Climate Scientists Invading Children’s Games to “Answer Questions” on Climate Change

Guest essay by Eric Worrall

Climate scientists are thrilled they have found a way to bypass parents and schools, and talk directly to the children of adults they don’t know via the internet.

Scientists are playing Fortnite to talk to kids about climate change

POSTED TUE 30 OCT 2018, 6:45PM
Stephen Stockwell

After hearing an 11 year-old’s Fortnite video got more views than a climate change lecture, Henri Drake had an idea.

A red haired cowgirl grabs a submachine gun from a building and as she runs away from the oncoming storm, the player in control starts talking about the impact CFC emissions have on global warming.

“We basically have since banned those materials… but we found out last year that the concentration of these gases in the atmosphere is increasing again.”

The cowgirl is Henri Drake, a casual gamer and climate scientist from the Massachusetts Institute of Technology (MIT), and the game is Fortnite, a crazy popular multiplayer shooter game.

It’s a strange mix, but by creating the ClimateFortnite Twitch channel Henri is hoping to use the games popularity to explain global warming and climate policy to a wider audience.

He’s not going it alone, there’s other scientists either playing with him or just hanging around to answer the questions thrown out by viewers. Scientists like Chris, a masters student at Boston University, who is on hand to field a question about the Paris climate agreement thrown out at the start of one game.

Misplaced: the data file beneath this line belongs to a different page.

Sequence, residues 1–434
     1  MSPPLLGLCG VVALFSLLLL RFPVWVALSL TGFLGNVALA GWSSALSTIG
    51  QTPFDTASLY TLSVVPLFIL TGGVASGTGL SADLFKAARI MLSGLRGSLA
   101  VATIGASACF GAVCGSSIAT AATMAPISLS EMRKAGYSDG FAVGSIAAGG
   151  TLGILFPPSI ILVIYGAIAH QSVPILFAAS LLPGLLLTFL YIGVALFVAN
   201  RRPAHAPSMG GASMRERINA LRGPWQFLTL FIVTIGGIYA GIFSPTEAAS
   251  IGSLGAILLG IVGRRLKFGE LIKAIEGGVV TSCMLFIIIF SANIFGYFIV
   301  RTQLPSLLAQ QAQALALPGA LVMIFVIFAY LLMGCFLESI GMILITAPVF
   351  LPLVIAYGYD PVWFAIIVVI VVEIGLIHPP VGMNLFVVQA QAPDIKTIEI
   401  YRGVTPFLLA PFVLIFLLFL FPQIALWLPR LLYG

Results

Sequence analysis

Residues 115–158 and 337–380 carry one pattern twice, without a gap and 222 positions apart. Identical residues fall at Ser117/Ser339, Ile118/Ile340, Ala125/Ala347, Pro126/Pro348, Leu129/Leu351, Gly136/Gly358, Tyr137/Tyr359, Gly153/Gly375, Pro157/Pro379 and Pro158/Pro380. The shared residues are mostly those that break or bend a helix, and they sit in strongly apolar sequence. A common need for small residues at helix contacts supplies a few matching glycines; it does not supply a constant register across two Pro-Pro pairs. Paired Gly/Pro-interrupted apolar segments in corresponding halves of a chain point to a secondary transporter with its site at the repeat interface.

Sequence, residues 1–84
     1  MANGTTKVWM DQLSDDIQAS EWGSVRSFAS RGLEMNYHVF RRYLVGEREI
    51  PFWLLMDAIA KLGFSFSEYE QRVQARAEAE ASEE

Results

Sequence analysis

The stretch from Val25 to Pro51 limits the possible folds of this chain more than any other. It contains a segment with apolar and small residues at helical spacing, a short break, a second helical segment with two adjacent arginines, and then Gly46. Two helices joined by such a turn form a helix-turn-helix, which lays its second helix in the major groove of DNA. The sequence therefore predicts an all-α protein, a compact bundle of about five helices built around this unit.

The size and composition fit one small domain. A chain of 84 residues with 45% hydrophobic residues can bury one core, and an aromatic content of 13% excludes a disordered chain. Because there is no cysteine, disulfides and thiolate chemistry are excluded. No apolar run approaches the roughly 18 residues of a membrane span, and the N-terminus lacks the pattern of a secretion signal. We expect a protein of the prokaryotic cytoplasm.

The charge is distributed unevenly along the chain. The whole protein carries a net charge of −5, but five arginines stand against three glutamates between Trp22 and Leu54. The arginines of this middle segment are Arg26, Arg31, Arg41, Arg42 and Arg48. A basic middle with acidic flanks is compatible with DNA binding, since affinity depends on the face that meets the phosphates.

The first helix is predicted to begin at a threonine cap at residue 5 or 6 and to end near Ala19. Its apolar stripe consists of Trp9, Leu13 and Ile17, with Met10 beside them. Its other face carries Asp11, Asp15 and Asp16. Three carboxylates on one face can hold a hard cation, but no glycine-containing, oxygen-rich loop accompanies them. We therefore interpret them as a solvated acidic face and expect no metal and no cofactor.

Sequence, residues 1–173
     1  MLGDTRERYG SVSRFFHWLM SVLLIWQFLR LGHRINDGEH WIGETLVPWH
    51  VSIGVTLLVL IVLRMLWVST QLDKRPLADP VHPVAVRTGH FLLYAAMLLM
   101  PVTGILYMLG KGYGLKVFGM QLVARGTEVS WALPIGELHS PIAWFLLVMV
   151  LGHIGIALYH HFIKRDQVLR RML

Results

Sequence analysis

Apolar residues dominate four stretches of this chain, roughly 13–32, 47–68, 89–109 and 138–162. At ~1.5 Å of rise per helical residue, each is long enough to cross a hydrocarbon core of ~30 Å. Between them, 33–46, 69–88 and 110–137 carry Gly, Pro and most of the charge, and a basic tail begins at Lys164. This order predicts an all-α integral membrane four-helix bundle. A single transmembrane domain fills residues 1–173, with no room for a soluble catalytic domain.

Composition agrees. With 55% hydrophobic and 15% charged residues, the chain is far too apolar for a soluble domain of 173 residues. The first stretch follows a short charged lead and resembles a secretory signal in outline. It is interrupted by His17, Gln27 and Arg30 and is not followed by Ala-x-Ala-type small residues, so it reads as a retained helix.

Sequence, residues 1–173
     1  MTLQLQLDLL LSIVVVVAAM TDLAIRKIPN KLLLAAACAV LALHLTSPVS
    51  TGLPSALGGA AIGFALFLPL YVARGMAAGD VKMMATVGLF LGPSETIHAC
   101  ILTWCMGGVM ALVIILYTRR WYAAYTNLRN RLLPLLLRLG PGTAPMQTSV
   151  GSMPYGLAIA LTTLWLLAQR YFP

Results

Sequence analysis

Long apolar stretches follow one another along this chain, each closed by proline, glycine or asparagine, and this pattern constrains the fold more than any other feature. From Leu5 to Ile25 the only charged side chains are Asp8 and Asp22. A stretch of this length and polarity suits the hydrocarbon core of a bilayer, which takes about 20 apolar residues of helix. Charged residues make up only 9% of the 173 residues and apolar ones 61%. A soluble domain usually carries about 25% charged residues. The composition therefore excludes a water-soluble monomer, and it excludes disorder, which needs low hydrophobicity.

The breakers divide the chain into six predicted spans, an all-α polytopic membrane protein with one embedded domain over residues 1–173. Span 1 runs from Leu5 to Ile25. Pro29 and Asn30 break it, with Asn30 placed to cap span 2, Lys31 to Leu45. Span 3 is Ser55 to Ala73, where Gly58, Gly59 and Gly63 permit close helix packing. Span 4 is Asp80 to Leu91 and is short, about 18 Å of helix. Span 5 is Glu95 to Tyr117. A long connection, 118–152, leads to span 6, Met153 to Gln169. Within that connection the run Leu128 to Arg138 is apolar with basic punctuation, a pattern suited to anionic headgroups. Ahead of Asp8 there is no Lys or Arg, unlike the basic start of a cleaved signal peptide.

Right place, right time.

This climate Q&A stream almost started by accident. A few months ago, when playing Fortnite in his PhD downtime, Henri Drake saw a tweet from climate scientist Katharine Heyhoe about how her son’s gaming vids were getting heaps more views than her lectures.

“I put two and two together and figured I could stream it on twitch,” Herni tells Hack.

Even though ClimateFortnite is still fresh it feels pretty well received.

“Part of the gaming community really likes it,” Henri said.

I get a lot of kids who are scared about what climate change means for their future, they come on and like being able to ask their question directly to an expert.”

Read more:

Fornite is a massive first person shooter multiplayer game, where kids get to create 3D characters and interact with large numbers of other kids online.

What do you guys think? Personally I have a big problem with random adults deliberately seeking unsupervised access to the children of strangers so they can proselytise their climate faith without the permission of parents. I don’t think Henri Drake and his friends are intentionally doing anything wrong, but this violates my sense of boundaries, of appropriate behaviour in a big way.

via Watts Up With That?

October 30, 2018 at 03:49PM


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